Funding outcomes, whether internally in what an agency shows Congress it has accomplished or in a procurement will drive results. For example, the New York City Center for Economic Opportunity combines public and private venture funding, an avowed interest in innovation and willingness to tolerate failure to develop new approaches to reducing poverty. Its most recent initiative, "Social Impact Bonds" (SIBs), uses creative funding to purchase outcomes rather than the more traditional process of awarding funds based on a response to a highly prescriptive RFP. The first effort, an "Adolescent Behavioral Learning Experience" program, will pay for reductions in recidivism among black and Latino adolescents at the Rikers Island correctional facility. The vendor can use whichever programs it bundles together but it will be paid for results, not how much drug counseling or the amount of mental health services it provides.
2. Change the structures of government to incent results.
A government that often hires by list, not skill, that promotes irrespective of managerial ability, and that almost never penalizes or terminates bad performers and rarely rewards excellence cannot expect excellence. Similarly, legislative bodies need to align agency-level incentives—good performers need more autonomy. For example, allowing agencies and their subdivisions to retain part of any efficiency they generate changes conduct. During a meeting at which I solicited suggestions for improvements, New York City’s wastewater plant operators responded, almost in unison, that the procurement rules caused bad decisions. They wanted procurement flexibility, allowing them to purchase in real time rather than observing imposed calendar deadlines and use it or lose it rules which caused them to stockpile parts well before they might be needed. In most jurisdictions, procurement stifles innovation and effectiveness. Procurement that provides flexibility, speed, encourages innovation and good bureaucratic behavior, uses the web to purchase, places everything online for maximum transparency, and utilizes analytic tools to monitor the behavior of vendors and procurement officials alike will drive maximum benefit. For the most part, public employees do what they do to serve the public. They would rather take pride in their work than lapse into waste, sloth or malingering. But that motivation is dampened when systems and supervisors ignore excellence and treat the high and low performers equally in terms of pay and promotion. Though difficult, we need to begin to identify ways, free of favoritism, that reward employees who excel and quickly, fairly and firmly discipline those who take advantage of the public with wasteful ways.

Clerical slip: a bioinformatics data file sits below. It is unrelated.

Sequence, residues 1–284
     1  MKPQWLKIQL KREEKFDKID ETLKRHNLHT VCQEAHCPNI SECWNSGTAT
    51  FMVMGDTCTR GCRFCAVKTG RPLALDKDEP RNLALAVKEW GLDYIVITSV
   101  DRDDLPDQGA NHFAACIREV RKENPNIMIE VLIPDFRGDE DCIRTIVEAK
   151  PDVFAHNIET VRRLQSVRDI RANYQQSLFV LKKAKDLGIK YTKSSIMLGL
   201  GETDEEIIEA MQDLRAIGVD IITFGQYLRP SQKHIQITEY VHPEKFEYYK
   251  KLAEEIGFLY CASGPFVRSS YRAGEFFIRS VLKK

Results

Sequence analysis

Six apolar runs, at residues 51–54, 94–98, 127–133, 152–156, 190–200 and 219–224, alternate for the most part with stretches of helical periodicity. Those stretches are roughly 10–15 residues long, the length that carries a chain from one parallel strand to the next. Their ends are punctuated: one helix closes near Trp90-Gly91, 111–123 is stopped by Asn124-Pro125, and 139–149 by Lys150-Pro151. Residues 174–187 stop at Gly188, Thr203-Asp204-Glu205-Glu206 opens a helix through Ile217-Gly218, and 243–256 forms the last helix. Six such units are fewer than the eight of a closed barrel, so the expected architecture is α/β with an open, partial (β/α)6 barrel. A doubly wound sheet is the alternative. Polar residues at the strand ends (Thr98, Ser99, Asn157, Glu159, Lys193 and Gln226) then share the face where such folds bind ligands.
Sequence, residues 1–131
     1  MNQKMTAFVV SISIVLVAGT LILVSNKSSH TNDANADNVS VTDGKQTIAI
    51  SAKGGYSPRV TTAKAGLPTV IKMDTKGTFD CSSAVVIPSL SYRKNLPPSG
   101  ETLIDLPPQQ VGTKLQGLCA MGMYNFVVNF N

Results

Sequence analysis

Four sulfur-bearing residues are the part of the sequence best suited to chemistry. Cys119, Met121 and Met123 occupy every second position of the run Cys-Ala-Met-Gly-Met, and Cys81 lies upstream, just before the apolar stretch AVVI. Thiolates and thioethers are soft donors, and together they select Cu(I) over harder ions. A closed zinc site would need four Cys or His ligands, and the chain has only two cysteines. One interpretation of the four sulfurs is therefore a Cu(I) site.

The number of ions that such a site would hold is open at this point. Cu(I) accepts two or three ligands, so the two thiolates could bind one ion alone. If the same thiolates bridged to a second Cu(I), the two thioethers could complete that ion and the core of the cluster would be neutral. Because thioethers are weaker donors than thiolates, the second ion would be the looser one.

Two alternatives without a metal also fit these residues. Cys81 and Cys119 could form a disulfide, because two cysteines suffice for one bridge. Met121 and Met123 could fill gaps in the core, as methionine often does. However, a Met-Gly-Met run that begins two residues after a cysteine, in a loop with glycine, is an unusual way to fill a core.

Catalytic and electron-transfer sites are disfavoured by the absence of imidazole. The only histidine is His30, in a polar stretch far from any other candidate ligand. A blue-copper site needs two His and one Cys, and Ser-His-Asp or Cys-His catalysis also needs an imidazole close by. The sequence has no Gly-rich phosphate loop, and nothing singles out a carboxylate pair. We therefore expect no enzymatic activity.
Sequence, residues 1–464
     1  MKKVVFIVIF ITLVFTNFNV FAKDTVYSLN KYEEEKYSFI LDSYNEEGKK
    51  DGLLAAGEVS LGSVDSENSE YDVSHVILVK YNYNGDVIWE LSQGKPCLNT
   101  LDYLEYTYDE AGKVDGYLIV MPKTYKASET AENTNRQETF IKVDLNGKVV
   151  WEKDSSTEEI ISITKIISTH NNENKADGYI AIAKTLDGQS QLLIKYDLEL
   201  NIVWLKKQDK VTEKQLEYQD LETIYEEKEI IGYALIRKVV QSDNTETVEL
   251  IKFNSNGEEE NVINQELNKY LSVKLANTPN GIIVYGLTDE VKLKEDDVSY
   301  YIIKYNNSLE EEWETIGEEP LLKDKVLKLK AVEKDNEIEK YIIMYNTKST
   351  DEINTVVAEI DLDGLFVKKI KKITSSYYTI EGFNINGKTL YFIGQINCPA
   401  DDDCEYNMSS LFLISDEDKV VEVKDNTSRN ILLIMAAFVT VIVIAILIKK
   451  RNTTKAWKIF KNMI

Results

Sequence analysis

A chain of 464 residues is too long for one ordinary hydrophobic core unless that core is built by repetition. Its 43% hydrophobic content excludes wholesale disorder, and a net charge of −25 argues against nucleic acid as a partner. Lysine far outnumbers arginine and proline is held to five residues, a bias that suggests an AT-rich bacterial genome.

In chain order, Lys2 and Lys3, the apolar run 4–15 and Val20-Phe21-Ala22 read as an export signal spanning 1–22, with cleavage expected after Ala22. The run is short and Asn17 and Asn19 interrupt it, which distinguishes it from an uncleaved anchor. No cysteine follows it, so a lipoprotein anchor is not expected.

Outmoded job classifications, slow hiring, stagnant promotion, too much overhead, too little recruitment of key new talent sets and a reluctance to hold employees or agencies accountable paralyzes progress. Congressional oversight and appropriation should spend more time monitoring whether agency outcomes will produce better value.
Structural changes specifically designed to promote innovation are also key. On the municipal level, Innovation Delivery Teams have been working in Atlanta, Chicago, Louisville, Memphis, and New Orleans to increase the cities’ innovation capacity and address city challenges. Another model is LAUNCH, a public-private partnership of NASA, USAID, the State Department, and NIKE working to develop innovative solutions to large-scale issues like clean drinking water. By creating innovation capacity in terms of time, information and funding, allowing new approaches and tolerating informed risk outside of the pressures of day-to-day operations, new structures will result in transformative progress.
3. Realign the public/private relationship.
Competition forces all of us to be better. This concept applies equally to bureaucracies unchallenged by competition and long-term incumbent vendors. Competition pushes those involved to improve. Allowing public-private partnerships and competition translates into better services and reinvigorates public workers. A recent example came when Chicago Mayor Rahm Emanuel had city employees compete against private companies to see who could pick up recycling more efficiently.
Yet performance based contracts involve complicated work on the part of the acquisition workforce and the federal government needs to enhance the skills of those who design RFPs, moving away from prescription to purchasing innovation and results in a manner that induces fair competition. Yet this does not need to be a zero sum game. The issue no longer is whether a public service should be privatized but how to integrate the public and private pieces to provide the best value. Almost every complicated activity requires public, private and often nonprofit partnerships, clear contract deliverables, good project management and high quality oversight.